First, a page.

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The UFOs Carl Sagan Was Convinced Of But Couldn’t Talk About

Sagan had already been denied tenure at Harvard, a sci-fi screenwriter reflects, and he couldn't afford to take more chances

Sci-fi screenwriter Bryce Zabel recalls a memorable dispute with cosmologist Carl Sagan (1934–1996) in a parking lot forty years ago:

The Voyager II unmanned spacecraft had been launched in August of 1977. Now, four years later, it was due to make its closest approach to Saturn on August 25, 1981. It was even going to send back photos in almost real time.

I got an idea.

Bryce Zabel, “Cosmic Collision: My UFO Debate with Carl Sagan” at Medium (August 24, 2021)

His idea was to interview Sagan (remember the insignificant Pale Blue Dot that Earth is supposed to be?).

I got to host Saturn and Beyond, and it was going to be Carl Sagan and me “live,” without commercial interruption, for thirty minutes on a show that got picked up by PBS for broadcast across the United States. It was heady stuff. After all, he was designing the messages for extraterrestrial civilizations that would ride with that Voyager spacecraft on the “Golden Record” at the same time I was a hippie radio news jock in Eugene, Oregon during college. Now I was going to sit on the same stage with him and talk a little space travel.

Bryce Zabel, “Cosmic Collision: My UFO Debate with Carl Sagan” at Medium (August 24, 2021)

Sagan was already famous for the 1980 TV miniseries Cosmos:

He was also very much a believer in extraterrestrials and UFOs and even believed that dolphins might have a role to play in the matter. Newsman Zabel was not then “a UFO guy.” At any rate, Zabel walked Sagan out into the parking lot…

This is what I asked him:

“You’re famous for saying that there are billions and billions of stars out there in the Universe. You’ve actually said that you believe the Universe is teeming with life, and that some of it must be intelligent, probably more advanced than we are. But you also insist that none of these other beings could actually be here on Earth because the distances are too vast.”

Sagan’s smile left his face during this. He said, “What’s your point?”

“Well, only that you want us to look for radio signals coming from other civilizations out in space, but you say in Cosmos that UFOs aren’t really worth investigating, because they can’t be here in the first place. You’re a scientist. Why wouldn’t you want to investigate, particularly since it could prove we’re not alone?”

“I also said that extraordinary claims require extraordinary proof,” said Sagan. “The claims I’ve seen don’t come with much proof at all.”

Bryce Zabel, “Cosmic Collision: My UFO Debate with Carl Sagan” at Medium (August 24, 2021)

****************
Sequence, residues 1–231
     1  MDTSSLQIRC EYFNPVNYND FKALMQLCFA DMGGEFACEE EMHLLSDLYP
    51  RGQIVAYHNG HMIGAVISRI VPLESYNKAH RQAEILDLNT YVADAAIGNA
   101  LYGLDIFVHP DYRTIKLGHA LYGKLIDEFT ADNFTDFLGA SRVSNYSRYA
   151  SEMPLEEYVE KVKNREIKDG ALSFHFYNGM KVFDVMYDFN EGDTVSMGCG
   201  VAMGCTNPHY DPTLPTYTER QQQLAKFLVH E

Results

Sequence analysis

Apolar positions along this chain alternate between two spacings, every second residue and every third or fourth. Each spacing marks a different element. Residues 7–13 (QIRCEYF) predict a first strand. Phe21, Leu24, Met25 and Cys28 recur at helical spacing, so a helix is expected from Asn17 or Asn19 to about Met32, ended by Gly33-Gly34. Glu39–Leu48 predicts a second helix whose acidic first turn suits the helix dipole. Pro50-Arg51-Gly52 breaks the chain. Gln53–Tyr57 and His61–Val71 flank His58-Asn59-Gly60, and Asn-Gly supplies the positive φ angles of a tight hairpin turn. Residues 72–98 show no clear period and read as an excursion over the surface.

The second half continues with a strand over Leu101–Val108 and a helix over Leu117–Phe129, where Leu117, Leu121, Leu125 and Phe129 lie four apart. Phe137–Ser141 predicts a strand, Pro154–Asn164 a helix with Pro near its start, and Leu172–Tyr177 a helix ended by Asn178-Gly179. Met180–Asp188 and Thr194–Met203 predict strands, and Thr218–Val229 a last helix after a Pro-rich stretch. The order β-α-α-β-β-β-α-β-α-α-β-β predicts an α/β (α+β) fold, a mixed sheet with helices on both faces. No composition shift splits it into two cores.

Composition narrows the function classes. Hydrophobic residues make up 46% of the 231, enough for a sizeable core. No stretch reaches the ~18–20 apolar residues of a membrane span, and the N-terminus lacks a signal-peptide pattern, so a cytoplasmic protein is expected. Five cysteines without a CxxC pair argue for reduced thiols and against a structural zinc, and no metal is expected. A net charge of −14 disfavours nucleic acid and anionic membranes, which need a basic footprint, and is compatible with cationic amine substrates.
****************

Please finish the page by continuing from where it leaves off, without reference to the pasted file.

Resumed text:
Sagan left abruptly. Reflecting on the evidence, four decades later (and twenty-five years after Sagan’s death), Zabel thinks that Sagan had to downplay his passionate belief in extraterrestrials in order to avoid being written off as a crank — a cool crank but a crank nonetheless: “The truth of the matter, to me, is that he felt giving any quarter on the UFO issue could kill his career.”

Zabel has much more to tell in his story at Medium, including how he developed an interest in UFOs himself and went on to work in the sci-fi area.

Significantly, the discussion has become much less toxic over the years. The Pentagon report earlier this year clarified that UAPs (UFOs) are “not caused by any U.S. advanced technology.” There does not appear to be a straightforward weather-related explanation either for some of them. In short, it’s not a situation in which everyone on one side of the debate is a sharp cookie and everyone on the other side is a fool. In some cases, we just don’t know what’s happening.

Sagan was denied tenure at Harvard for being, according to Zabel, a little too “out there.” But today, Harvard astronomer Avi Loeb openly discusses his thoughts on ETs and UFOs in popular science venues. And, in what sounds like a helpful move, NASA is seeking standards for ET life claims, rather than just denying or avoiding them altogether.

Perhaps all unidentified aerial phenomena are due to rare natural events. But the only way to honestly evaluate that is to start with the premise that they might — in principle — not be natural events. The need to simply “debunk” is not so much part of science as it is a social phenomenon: the Ingroup vs. the Outgroup. Continually proving that one is a member of the Correct group is hardly the spirit that advances science.

Here’s some retro from Voyager 1 and 2:

You may also wish to read:

The surprising role that dolphins have played in the search for ET. Dolphins, with their apparent alien intelligence, have been seen by scientists interested in ET as a stand-in. The discovery of dolphin intelligence supported the view that intelligence might evolve in unexpected places among life forms without hands.

and

The UAPs (UFOs) are “not caused by any U.S. advanced technology.” And that’s all the Pentagon probably really knows. Some, including physicist Mark Buchanan, hope we never find out if it’s aliens or not.


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The UFOs Carl Sagan Was Convinced Of But Couldn’t Talk About